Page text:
What’s All That Noise?


The What and Why of Traffic Noise Analysis

By: Lauren McMahon, CEP-IT

From my experience as an acoustical analyst, I have often heard that many people do not understand what we do, and why we do what we do. Noise has become a passion of mine and we noise consultants are in our own niche with only a handful of experts throughout the Country. I hope I can teach you a little bit about what we do and why it is important.

Why is a traffic noise analysis even necessary?

A Type I traffic noise analysis is required when there are proposed highway improvements, which meet specific Federal Highway Administration (FHWA) criteria. The criteria include, but are not limited to, the addition of a through-travel lane, the construction of a new highway, or the addition or relocation of ramps or lanes. These highway improvements provide congestion relief and improve safety for travelers. As noise consultants, we are required to follow strict guidelines developed by FHWA and Maryland State Highway Administration (MDOT SHA).

So now you may be wondering…

What is the process of a traffic noise analysis?

First, a noise consultant is typically hired by a State agency to perform a traffic noise analysis. Our process begins by reviewing the proposed roadway improvements and then identifying noise sensitive areas (NSAs) that may be affected by highway noise. This typically includes residences, schools, and recreational areas. Then we perform simultaneous noise measurements in the field, which involves some field staff running the noise meters while others collect traffic data via a video camera and radar gun. It is common for us to have 10 staff in the field, all collecting data at a specific location during a specific timeframe. The key to our process is making sure that we are all synchronized in our data collection to ensure we compile accurate data that we will use to validate our Traffic Noise Model (TNM).

This is when we begin the modeling process. We start by modeling existing conditions. Our team utilizes a variety of CAD programs, such as MicroStation and GEOPAK, as well as FHWA’s Traffic Noise Model (TNM) during the analysis process. Our models include existing barriers (i.e., buildings, privacy fences, etc.), terrain or elevation changes, various ground types, forested areas, and receptors to represent the noise sensitive areas. We input the field data, and then run the model to see if it validates. The model is considered “validated” if the measured and modeled noise levels are within +/- 3 dB(A) per FHWA guidelines. Once our model is approved by the State agency and considered valid, we model proposed conditions in our Future Build Noise Model. Here, our noise model predicts future build noise levels to determine potential impacts to NSAs. A residence is considered to be impacted if the project will result in noise levels of 66 dB(A) or greater or if the project would result in a substantial increase (i.e., 10 dB(A) or more) in noise over existing levels. When impacts are determined at the noise sensitive areas, a mitigation assessment is warranted. Highway noise barriers are designed to reduce the noise levels (i.e., below the noise impact threshold). A variety of factors, such as utilities, drainage, topography, aesthetics, right-of-way and maintenance, are taken into consideration in order to determine the best noise barrier alignment and meet the State agency’s design goals and requirements. Following the mitigation assessment, we develop a Technical Noise Analysis Report, which is submitted for review by the State agency. This documents the analysis and results obtained, including rationale for assumptions, conclusions, and recommendations. Straughan may also provide community meeting support or attend a public meeting when noise barriers are proposed on a project. Most recently, Straughan attended a public meeting for one of MDTA’s I-95 Express Toll Lane (ETL) Northbound Extension projects located along MD 24. Due to the COVID-19 pandemic, this meeting was effectively held as a virtual meeting.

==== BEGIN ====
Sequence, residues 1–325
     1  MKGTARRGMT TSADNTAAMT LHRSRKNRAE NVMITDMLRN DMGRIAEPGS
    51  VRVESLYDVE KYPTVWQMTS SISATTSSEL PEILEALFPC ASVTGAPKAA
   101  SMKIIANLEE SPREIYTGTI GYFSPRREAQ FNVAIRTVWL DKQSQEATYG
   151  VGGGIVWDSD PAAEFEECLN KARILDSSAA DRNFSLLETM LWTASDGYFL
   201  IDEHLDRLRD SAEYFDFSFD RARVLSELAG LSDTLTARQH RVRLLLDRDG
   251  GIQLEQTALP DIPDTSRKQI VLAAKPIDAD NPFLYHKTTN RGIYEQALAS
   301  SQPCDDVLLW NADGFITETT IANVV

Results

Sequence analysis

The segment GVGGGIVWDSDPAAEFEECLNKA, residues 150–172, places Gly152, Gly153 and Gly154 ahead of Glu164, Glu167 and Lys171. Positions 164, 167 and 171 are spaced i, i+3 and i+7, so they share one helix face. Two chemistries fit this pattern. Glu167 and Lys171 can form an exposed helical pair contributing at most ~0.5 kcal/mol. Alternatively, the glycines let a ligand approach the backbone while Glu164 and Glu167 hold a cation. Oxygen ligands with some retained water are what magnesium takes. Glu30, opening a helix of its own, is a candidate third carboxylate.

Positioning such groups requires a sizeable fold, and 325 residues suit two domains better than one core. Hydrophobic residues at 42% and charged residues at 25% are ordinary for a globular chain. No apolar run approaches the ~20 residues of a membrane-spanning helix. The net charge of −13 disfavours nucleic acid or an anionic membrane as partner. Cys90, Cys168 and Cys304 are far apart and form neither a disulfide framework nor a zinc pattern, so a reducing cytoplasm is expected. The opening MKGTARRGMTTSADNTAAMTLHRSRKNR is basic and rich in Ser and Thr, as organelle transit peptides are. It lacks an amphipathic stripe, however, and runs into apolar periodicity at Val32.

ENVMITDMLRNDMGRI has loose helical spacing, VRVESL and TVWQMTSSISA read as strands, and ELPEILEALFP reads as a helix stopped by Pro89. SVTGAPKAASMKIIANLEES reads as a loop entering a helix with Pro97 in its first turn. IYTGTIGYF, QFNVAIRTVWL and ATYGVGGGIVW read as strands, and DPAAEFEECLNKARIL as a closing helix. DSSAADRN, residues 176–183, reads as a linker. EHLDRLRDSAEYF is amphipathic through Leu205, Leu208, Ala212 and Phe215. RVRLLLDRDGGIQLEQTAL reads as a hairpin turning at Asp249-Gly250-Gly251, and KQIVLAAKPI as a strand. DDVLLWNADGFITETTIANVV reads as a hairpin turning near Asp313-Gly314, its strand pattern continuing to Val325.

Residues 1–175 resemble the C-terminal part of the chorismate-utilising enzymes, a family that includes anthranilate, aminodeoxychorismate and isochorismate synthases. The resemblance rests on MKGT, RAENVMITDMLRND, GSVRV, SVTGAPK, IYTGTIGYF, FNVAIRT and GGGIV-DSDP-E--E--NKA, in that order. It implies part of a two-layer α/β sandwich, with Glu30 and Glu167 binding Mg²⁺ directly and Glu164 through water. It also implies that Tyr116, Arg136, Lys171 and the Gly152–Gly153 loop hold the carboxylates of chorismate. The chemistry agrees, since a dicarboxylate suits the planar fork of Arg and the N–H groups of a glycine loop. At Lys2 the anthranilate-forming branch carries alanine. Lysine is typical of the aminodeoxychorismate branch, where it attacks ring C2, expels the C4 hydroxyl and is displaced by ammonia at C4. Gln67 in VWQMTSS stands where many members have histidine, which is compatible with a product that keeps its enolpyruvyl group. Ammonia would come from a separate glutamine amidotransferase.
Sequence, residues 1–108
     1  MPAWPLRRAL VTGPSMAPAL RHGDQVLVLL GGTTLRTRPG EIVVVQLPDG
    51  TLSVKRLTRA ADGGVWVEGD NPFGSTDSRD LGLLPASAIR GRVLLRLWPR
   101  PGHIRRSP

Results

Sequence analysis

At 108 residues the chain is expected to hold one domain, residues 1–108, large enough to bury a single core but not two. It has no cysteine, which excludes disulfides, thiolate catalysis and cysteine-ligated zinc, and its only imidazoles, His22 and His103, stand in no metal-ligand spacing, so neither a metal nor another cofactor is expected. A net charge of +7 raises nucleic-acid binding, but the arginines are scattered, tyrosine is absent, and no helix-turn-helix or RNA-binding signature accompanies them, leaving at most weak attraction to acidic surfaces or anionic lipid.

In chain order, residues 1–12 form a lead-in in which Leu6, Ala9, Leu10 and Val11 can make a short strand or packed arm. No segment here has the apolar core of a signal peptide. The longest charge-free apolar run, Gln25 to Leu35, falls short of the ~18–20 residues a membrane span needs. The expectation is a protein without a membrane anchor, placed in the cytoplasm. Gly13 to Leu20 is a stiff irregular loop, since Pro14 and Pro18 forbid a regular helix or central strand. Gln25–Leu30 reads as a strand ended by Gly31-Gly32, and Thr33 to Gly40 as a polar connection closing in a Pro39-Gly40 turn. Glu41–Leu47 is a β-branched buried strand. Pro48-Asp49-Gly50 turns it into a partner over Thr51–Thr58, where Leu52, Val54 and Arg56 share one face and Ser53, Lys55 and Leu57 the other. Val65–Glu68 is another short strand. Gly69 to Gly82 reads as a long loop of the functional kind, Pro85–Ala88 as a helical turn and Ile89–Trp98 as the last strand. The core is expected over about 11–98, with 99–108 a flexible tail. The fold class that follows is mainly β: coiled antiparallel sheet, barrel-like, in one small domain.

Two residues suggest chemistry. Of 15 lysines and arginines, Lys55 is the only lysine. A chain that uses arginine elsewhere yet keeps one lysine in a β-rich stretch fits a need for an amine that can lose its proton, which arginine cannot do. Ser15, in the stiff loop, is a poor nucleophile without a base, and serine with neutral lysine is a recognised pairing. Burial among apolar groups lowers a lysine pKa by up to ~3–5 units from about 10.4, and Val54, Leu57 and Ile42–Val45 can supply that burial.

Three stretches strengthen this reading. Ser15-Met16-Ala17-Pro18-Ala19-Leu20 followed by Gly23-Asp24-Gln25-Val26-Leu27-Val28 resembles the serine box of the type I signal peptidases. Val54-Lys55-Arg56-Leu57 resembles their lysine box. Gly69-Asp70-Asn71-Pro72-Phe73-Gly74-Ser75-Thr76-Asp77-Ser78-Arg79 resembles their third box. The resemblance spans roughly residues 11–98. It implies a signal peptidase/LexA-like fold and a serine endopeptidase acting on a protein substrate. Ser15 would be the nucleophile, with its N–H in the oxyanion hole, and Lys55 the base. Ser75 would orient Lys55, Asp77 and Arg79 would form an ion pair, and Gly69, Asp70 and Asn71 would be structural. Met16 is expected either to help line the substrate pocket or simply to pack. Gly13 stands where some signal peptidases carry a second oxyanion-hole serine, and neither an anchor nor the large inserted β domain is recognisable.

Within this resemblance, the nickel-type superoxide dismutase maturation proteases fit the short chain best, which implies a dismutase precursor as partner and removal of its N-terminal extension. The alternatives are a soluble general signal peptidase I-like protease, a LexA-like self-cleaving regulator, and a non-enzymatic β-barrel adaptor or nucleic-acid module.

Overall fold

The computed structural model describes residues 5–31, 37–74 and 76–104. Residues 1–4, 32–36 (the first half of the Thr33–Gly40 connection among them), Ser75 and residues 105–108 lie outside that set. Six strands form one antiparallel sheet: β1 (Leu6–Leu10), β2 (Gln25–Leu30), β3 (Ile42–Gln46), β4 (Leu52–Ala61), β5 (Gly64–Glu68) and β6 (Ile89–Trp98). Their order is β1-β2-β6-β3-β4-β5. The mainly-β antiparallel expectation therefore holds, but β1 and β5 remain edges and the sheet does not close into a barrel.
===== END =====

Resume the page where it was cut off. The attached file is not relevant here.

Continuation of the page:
If a Type I noise project is in the design phase, Straughan may have the opportunity to develop the Noise Barrier Design Contract Plans. This generally includes the development of the Plan and Profile Sheets, Geometry Sheets, Typical Sections, and General Notes. These Plans are submitted at various stages of the project to meet the overall project schedule: TS&L, Semi-Final, Final, and PS&E Designs.

Straughan recently developed the Noise Barrier Design Contract Documents for one of MDTA’s I-95 Express Toll Lane (ETL) Northbound Extension projects located north of Abingdon Road. The project is currently in the Final phase of design with a project completion date within the next few years. Straughan is excited to provide noise barrier design services to MDTA and to protect an impacted community. We will be sure to post pictures of our nearly 1-mile-long noise barrier post-construction. Be sure to check back with us to see the final product!